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Relationship breakdown

This section is designed to help you work out the options and rights you have to your home when you split up from a partner. This area of law is very complex and you may need to get legal advice from a solicitor who specializes in family law.

Rights if you rent your home

Occupancy rights

If you are separating from your partner, your rights to remain in or return to your rented home or to make your partner leave will depend on whether you are married or in a civil partnership and whose name is on the tenancy agreement.

A tenancy agreement is a contract between the landlord and tenant setting out your rights to live in a rented property. If your name is on the tenancy agreement, either as a joint tenant or as a sole tenant, you have a contractual and legal right to live in the property. If your name is not on the tenancy agreement, your rights to live in the property once you and your partner have split up will depend on your relationship status.

My partner and I are married or in a civil partnership

If you are married, even if your name is not on the tenancy agreement you automatically have a right to stay in the home even after your relationship ends, provided you are still legally married .Your rights are called 'home rights’ and can only be ended by divorce or death.

On 5 December 2005, the Civil Partnership Act 2004 came into force, allowing applicants of the same sex to apply for civil partnerships. On termination of the partnership, the parties will have the same rights to financial relief as married couples on divorce provided for in the Matrimonial Causes Act 1973.

My partner and I live together

If you live together, but your name is not on the tenancy agreement, you would not automatically be able to stay in the home if your partner wants you to leave, even if you have children. However you can apply to the county or magistrate court for an occupation order, which could allow you to stay in the family home for up to 12 months.

Your rights if your partner moves out

Most tenancy agreements include a condition that a tenant has to live in the property and use it as their only or main home. If the tenant breaks this condition and moves out leaving you behind, their landlord can end the tenancy.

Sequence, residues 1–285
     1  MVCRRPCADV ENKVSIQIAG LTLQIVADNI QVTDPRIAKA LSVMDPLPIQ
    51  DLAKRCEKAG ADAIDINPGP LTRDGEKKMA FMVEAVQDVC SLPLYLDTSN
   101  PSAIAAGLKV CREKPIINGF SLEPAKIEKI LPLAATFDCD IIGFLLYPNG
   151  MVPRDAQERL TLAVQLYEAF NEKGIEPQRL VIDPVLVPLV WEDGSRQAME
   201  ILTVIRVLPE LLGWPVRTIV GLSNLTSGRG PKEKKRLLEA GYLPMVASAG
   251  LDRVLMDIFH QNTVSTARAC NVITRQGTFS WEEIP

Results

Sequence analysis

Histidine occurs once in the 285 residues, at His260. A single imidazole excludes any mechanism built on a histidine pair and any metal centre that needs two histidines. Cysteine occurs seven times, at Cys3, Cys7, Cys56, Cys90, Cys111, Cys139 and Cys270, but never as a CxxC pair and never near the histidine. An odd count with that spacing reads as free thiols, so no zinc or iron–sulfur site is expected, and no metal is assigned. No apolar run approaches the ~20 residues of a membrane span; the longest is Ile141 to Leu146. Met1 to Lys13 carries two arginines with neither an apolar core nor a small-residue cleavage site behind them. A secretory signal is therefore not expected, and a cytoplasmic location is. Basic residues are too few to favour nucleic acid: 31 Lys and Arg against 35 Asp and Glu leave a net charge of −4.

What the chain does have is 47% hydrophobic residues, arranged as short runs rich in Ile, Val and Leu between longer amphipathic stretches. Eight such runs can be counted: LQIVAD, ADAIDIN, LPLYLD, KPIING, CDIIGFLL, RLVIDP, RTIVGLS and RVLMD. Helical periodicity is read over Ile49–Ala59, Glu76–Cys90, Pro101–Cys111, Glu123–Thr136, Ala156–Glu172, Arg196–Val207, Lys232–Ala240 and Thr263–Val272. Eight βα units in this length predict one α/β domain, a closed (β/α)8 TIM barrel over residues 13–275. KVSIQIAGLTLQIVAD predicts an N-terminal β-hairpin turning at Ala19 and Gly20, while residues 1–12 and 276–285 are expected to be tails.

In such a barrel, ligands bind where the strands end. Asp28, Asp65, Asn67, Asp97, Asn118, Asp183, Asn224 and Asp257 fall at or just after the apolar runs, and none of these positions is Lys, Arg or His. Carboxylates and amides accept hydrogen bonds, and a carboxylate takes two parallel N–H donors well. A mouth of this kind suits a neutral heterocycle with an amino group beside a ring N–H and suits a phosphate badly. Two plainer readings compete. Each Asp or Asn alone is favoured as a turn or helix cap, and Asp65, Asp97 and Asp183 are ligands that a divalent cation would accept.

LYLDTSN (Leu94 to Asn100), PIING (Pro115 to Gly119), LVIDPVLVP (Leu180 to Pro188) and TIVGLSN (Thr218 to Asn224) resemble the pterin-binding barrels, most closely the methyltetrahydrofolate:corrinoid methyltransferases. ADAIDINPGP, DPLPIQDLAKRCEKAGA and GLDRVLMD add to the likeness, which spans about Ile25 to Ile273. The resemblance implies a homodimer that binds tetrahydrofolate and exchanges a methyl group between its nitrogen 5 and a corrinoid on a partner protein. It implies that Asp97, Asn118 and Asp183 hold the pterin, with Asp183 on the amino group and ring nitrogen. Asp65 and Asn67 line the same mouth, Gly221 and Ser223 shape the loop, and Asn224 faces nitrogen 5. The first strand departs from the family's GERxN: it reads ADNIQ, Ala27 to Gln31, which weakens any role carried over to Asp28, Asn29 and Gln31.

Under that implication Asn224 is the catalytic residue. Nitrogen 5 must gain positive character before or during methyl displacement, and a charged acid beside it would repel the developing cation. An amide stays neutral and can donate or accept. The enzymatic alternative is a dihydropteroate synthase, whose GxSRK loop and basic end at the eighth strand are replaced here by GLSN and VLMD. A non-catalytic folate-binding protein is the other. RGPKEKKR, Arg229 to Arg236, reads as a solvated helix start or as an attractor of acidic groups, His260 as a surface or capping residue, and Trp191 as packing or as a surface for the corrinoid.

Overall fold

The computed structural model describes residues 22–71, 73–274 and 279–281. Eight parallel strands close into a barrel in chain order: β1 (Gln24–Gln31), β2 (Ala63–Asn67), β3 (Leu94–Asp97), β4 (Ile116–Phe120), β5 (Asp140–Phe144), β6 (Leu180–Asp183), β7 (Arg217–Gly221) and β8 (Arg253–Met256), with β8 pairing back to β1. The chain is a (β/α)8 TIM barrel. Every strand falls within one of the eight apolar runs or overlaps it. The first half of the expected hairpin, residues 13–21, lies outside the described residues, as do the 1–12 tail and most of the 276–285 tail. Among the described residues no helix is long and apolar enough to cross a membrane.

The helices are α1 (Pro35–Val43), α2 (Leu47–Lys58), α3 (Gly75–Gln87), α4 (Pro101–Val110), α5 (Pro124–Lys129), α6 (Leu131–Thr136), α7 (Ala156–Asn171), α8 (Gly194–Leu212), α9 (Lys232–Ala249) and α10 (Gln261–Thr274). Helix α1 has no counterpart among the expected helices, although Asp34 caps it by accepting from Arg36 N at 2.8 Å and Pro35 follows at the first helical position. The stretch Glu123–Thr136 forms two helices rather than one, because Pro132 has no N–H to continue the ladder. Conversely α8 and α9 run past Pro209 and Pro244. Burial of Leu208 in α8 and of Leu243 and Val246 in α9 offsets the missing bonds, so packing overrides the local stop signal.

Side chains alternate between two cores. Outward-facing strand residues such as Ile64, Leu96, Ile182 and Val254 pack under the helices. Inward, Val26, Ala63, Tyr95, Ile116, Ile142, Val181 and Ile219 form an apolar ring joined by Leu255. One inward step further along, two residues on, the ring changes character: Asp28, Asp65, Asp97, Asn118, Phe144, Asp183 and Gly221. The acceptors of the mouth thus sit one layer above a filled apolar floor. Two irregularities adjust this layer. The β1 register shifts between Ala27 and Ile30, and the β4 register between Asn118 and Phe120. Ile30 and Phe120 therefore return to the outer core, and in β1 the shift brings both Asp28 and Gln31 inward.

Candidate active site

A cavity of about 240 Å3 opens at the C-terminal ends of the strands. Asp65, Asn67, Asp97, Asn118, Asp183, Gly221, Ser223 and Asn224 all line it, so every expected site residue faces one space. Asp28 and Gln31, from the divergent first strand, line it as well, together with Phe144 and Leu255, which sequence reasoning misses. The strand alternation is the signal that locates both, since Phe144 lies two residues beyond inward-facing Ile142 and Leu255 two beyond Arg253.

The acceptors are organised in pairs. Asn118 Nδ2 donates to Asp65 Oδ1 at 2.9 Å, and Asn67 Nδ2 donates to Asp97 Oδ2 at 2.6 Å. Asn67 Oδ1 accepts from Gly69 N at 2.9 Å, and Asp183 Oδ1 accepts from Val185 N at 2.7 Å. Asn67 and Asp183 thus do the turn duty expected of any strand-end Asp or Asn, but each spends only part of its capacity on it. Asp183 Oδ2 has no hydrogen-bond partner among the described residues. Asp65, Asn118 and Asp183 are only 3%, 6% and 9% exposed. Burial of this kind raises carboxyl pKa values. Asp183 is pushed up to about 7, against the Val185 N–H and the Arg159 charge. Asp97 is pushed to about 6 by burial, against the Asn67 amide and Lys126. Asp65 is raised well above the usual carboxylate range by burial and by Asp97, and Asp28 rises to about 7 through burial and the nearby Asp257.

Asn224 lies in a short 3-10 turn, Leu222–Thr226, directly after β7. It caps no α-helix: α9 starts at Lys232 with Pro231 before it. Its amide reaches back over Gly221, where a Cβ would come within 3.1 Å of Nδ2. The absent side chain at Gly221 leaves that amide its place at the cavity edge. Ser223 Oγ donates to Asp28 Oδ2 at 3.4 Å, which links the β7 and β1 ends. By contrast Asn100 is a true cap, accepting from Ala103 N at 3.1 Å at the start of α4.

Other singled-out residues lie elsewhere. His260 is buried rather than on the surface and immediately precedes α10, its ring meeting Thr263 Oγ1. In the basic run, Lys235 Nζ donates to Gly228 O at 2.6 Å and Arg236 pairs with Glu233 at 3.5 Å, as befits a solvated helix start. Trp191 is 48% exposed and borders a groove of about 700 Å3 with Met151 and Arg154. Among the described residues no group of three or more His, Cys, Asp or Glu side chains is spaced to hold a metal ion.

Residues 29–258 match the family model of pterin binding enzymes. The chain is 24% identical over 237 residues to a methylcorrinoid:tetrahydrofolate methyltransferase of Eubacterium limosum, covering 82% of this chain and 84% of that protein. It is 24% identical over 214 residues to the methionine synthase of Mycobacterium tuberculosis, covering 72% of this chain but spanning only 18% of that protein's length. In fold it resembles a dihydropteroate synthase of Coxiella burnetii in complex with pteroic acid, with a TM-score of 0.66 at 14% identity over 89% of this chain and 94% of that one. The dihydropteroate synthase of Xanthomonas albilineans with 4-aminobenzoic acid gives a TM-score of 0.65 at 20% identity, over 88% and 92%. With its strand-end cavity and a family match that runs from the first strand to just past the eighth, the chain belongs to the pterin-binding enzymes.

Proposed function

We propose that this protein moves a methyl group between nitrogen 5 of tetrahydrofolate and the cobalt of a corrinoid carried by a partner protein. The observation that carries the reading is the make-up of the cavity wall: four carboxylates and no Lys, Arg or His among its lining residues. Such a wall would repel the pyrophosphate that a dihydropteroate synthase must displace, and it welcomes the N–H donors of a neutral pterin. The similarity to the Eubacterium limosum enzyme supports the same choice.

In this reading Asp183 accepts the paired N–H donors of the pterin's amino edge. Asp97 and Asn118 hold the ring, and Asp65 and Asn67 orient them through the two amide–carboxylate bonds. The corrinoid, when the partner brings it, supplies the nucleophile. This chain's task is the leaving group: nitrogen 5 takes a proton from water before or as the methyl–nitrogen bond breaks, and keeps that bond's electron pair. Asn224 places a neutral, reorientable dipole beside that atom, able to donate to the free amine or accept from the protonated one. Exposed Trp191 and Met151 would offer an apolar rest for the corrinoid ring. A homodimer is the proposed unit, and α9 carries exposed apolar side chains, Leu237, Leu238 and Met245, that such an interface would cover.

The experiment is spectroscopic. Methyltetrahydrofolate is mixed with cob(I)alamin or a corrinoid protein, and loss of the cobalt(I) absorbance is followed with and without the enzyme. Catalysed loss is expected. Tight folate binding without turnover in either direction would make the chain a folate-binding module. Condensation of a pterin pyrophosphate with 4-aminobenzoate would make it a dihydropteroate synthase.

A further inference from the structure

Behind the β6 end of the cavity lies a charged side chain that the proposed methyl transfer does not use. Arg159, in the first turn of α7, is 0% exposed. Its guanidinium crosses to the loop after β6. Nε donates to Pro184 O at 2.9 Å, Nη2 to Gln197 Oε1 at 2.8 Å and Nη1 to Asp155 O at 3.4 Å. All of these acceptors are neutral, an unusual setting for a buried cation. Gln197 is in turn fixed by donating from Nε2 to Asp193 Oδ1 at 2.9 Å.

If you are a joint tenant and your partner leaves you, the landlord could not evict you. As joint tenants, you and your partner are both jointly and independently liable for the whole rent. This means that if your partner disappears, you will become responsible for paying all the rent.

Owner occupiers

If you are married or in a civil partnership with someone who is an owner, you have home rights. 'Home rights' is a legal term that generally means that you can live in your home as if you were the owner.

If you are living with someone but are not the sole or joint tenant or owner, you will need to apply for an occupation order if you want to get home rights, which would allow you to stay in the home. Home rights will only last as long as the occupation order does. However, courts do not usually grant an occupation order in these circumstances. Exceptions might be if you have children and you have no alternative accommodation, or if there is proof of domestic violence or abuse. If you want to establish long-term rights to the home, you will have to go to court to prove beneficial interest.

If you and your spouse are owner-occupiers, it is often the case that only one of you is the actual owner. If this is the case, and you are the partner who is not the owner, you will need to ensure that you keep your right to live in the property and to prevent the owner selling it without your knowledge. Even if you actually move out when the relationship ends, you may want to move back in again. To retain your right, you must register your ‘right of occupation’ by completing a form and sending it to either the District Land Registry or the Land Charges Department in Plymouth, or in Northern Ireland, the Land Registry or the Registry of Deeds, depending on where the title of the property is registered. This procedure is not complicated and it is not necessary to consult a solicitor. However, anyone who wants to register in this way should consult an experienced adviser, for example, a citizens advice bureau adviser.

Contact us

Housing Options
Community and Housing Department
3rd Floor
Civic Centre

Telephone: 020 8545 3636